Muthuri, Stella G. and Venkatesan, Sudhir and Myles, Puja R. and Leonardi-Bee, Jo and Lim, Wei Shen and Al Mamun, Abdullah and Anovadiya, Ashish P and Araújo, Wildo N and Azziz‐Baumgartner, Eduardo and Báez, Clarisa and Bantar, Carlos and Barhoush, Mazen M and Bassetti, Matteo and Beovic, Bojana and Bingisser, Roland and Bonmarin, Isabelle and Borja‐Aburto, Victor H. and Cao, Bin and Carratala, Jordi and Cuezzo, María R. and Denholm, Justin T and Dominguez, Samuel R. and Duarte, Pericles A. D. and Dubnov‐Raz, Gal and Echavarria,, Marcela and Fanella, Sergio and Fraser, James and Gao, Zhancheng and Gérardin, Patrick and Giannella, Maddalena and Gubbels, Sophie and Herberg, Jethro and Higuera Iglesias, Anjarath L and Hoeger, Peter H and Hoffmann, Matthias and Hu, Xiaoyun and Islam, Quazi T and Jiménez, Mirela F. and Kandeel, Amr and Keijzers, Gerben and Khalili,, Hossein and Khandaker, Gulam and Knight, Marian and Kusznierz, Gabriela and Kuzman, Ilija and Kwan, Arthur M. C. and Lahlou Amine, Idriss and Langenegger, Eduard and Lankarani, Kamran B. and Leo, Yee‐Sin and Linko, Rita and Liu, Pei and Madanat, Faris and Manabe, Toshie and Mayo‐Montero, Elga and McGeer, Allison and Memish, Ziad A. and Metan, Gokhan and Mikić, Dragan and Mohn, Kristin G. I. and Moradi, Ahmadreza and Nymadawa, Pagbajabyn and Ozbay, Bulent and Ozkan, Mehpare and Parekh, Dhruv and Paul, Mical and Poeppl, Wolfgang and Polack, Fernando P and Rath, Barbara A. and Rodríguez, Alejandro H. and Siqueira, Marilda M. and Skręt‐Magierło, Joanna and Talarek, Ewa and Tang, Julian W. and Torres, Antoni and Törün, Selda H. and Tran, Dat and Uyeki, Timothy M. and van Zwol, Annelies and Vaudry, Wendy and Velyvyte, Daiva and Vidmar, Tjasa and Zarogoulidis, Paul and Nguyen-Van-Tam, Jonathan S.
Impact of neuraminidase inhibitors on influenza A(H1N1)pdm09‐related pneumonia: an individual participant data meta‐analysis.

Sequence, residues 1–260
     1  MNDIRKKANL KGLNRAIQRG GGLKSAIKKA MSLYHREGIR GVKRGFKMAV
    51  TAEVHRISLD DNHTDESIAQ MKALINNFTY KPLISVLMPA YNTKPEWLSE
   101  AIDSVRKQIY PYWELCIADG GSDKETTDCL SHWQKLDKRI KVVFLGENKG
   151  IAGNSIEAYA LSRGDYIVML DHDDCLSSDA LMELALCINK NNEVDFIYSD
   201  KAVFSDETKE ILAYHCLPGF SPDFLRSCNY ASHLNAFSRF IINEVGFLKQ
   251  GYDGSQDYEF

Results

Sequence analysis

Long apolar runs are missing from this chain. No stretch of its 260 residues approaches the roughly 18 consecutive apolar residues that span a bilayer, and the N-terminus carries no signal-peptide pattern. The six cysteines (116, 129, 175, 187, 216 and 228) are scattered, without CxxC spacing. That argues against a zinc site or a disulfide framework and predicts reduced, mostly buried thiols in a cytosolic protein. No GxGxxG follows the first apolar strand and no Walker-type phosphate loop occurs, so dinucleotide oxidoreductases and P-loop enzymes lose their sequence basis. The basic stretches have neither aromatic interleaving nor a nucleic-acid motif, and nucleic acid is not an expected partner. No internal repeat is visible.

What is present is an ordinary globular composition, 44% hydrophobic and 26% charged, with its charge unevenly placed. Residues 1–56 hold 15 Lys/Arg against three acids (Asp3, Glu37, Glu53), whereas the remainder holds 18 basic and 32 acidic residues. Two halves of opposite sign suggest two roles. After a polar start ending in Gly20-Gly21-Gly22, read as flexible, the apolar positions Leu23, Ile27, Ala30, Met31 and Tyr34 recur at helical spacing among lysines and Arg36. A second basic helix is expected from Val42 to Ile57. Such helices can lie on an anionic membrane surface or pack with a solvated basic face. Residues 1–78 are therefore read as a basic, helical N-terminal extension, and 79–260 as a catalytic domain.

Influenza and Other Respiratory Viruses, 10
BACKGROUND: The impact of neuraminidase inhibitors (NAIs) on influenza‐related pneumonia (IRP) is not established. Our objective was to investigate the association between NAI treatment and IRP incidence and outcomes in patients hospitalised with A(H1N1)pdm09 virus infection.
METHODS: A worldwide meta‐analysis of individual participant data from 20 634 hospitalised patients with laboratory‐confirmed A(H1N1)pdm09 (n = 20 021) or clinically diagnosed (n = 613) ‘pandemic influenza’. The primary outcome was radiologically confirmed IRP. Odds ratios (OR) were estimated using generalised linear mixed modelling, adjusting for NAI treatment propensity, antibiotics and corticosteroids.
RESULTS: Of 20 634 included participants, 5978 (29·0%) had IRP; conversely, 3349 (16·2%) had confirmed the absence of radiographic pneumonia (the comparator). Early NAI treatment (within 2 days of symptom onset) versus no NAI was not significantly associated with IRP [adj. OR 0·83 (95% CI 0·64–1·06; P = 0·136)]. Among the 5978 patients with IRP, early NAI treatment versus none did not impact on mortality [adj. OR = 0·72 (0·44–1·17; P = 0·180)] or likelihood of requiring ventilatory support [adj. OR = 1·17 (0·71–1·92; P = 0·537)], but early treatment versus later significantly reduced mortality [adj. OR = 0·70 (0·55–0·88; P = 0·003)] and likelihood of requiring ventilatory support [adj. OR = 0·68 (0·54–0·85; P = 0·001)].
CONCLUSIONS: Early NAI treatment of patients hospitalised with A(H1N1)pdm09 virus infection versus no treatment did not reduce the likelihood of IRP. However, in patients who developed IRP, early NAI treatment versus later reduced the likelihood of mortality and needing ventilatory support.
||Hospitalisation, individual participant data meta-analyses,
influenza-related pneumonia, neuraminidase inhibitors.
||University of Nottingham, UK > Faculty of Medicine and Health Sciences > School of Medicine > Division of Epidemiology and Public Health
||26 Aug 2016 12:36
||17 Sep 2016 18:20
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